He didn’t make it a secret who had caught his attention on this one, either, calling out Secaucus-based public relations firm Vision Media.
“Are they marketing your campaign: yes or no?,” Roque asked Guzman, insisting that was a conflict of interest since they are already paid to do communications for the town.
“You asked the town attorney for this information, you already have it,” Cirillo jumped in.
“That doesn’t have anything to do with the town, don’t mislead the public,” Guzman then answered.
“They’re marketing for the town and marketing for you,” Roque shot back. “That’s illegal … it might not be illegal but it’s very unethical.”
The resolution never received a vote since a superseding motion to table by Cirillo and Rodriguez passed 3-2.
From there, anyone who hasn’t been following the current West New York election cycle received a free refresher course.
Roque again introduced his resolution aiming to implement a $500,000 security surveillance system, again it was tabled when his colleagues said it did not follow the proper request for proposals process.
The public portion of the meeting also opened up old wounds, with many speakers going straight for the throats of their perceived enemies.
“I have always been proud to say I’m from West New York, I’m a teacher in West New York, not anymore! Because of the corruption in this town with the nominations the mayor has nominated!,” said Dennis DeSocio, a longtime resident who was appointed to the parking authority board earlier in the meeting.
While he spoke, he referenced a chart that had been lingering on Facebook for weeks, referencing people such as Manny Diaz, Renee Abreu and Ruben Vargas, who have all been convicted of federal crimes and have a role in either Roque’s administration or campaign.
He also alluded to former disgraced Bergen County Democratic Organization Chair Joe Ferriero, which Rodriguez did directly two weeks ago, though Roque previously told HCV that he’s never met him and he isn’t part of his re-election bid.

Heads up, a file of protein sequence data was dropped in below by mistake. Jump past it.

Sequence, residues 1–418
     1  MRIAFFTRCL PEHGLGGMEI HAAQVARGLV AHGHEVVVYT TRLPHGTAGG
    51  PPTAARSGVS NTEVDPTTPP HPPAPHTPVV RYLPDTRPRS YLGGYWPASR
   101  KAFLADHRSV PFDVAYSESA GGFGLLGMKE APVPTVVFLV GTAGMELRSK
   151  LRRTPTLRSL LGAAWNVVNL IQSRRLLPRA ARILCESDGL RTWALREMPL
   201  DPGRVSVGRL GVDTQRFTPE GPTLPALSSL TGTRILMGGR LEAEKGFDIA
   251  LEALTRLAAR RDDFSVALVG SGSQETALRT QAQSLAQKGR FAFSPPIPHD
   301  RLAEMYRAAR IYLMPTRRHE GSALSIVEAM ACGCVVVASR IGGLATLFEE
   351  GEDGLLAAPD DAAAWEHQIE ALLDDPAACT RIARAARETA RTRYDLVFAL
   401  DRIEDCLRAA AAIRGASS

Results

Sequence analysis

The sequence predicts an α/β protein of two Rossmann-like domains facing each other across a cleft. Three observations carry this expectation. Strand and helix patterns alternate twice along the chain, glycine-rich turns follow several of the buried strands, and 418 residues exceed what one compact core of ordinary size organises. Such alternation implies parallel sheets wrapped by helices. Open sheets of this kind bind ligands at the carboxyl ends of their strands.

John Bender, a North Bergen committeeman, was another speaker that appeared fit to be tied at the mere sight of Roque and got into a shouting match with fellow North Bergenite Henry Marrero – a DPW workers who is heavily involved in the mayor’s campaign.
“Hey John, don’t you have three domestic violence charges against you pal,” Marrero screamed out after Bender pressed the mayor on an alleged domestic incident from last year.
“Prove it. Prove it pal, prove it. Prove it. You’ve got no balls!,” Bender shouted in response.
Roque seemed undeterred by the exchange and was happy to respond to Bender in kind.
“Maybe you’ll be able to meet my girlfriend one day, she’s a lot prettier than you. Say hi to Joey Muniz for me,” the mayor said, sending a message to the high-level North Bergen political operative who also consults for Remington & Vernick.
While the majority of the public commenters voiced frustration with Roque, Rodriguez wasn’t given a free pass, as at least a handful of people confronted him as well.
“Angel Alfonso, the guy who was just standing here not too long ago, he’s obviously a supporter of yours, right? He was the same employee responsible for directing DPW employees to neatly remove construction debris from your father’s private house,” Francisco Torres, Roque’s campaign manager, inquired.
“That’s false,” Rodriguez said, though that didn’t stop Torres from repeating the question several times.
A Univision report from February 2018 had made similar allegations, though both the community at large and the board of commissioners pushed back against the story at the time.
Meanwhile, Alonso had accused Roque of political retaliation earlier this week after he was suspended. He said it was for removing a Roque campaign sign for a utility pole, though the mayor’s camp said it was for refusing to perform work responsibilities.
One the final speakers of the evening, West New York resident Kevin Livermore, read off a list of lawsuit settlements stemming from Roque’s first term, which appeared to have come from a July 2016 report by HCV detailing a 15-person settlement worth $1.2 million.
The current board of commissioners approved that resolution unanimously.
When Livermore asked Roque if he could assure the public that such instances of alleged political retaliation would not occur if he is elected to a third term, he didn’t provide a concrete answer.
“At this time, I don’t want to comment on any of that, thank you,” he responded.
A special thank you to everyone who watched the meeting live on our Facebook page in real time: this was our most viewed live video to date. It can still be viewed below: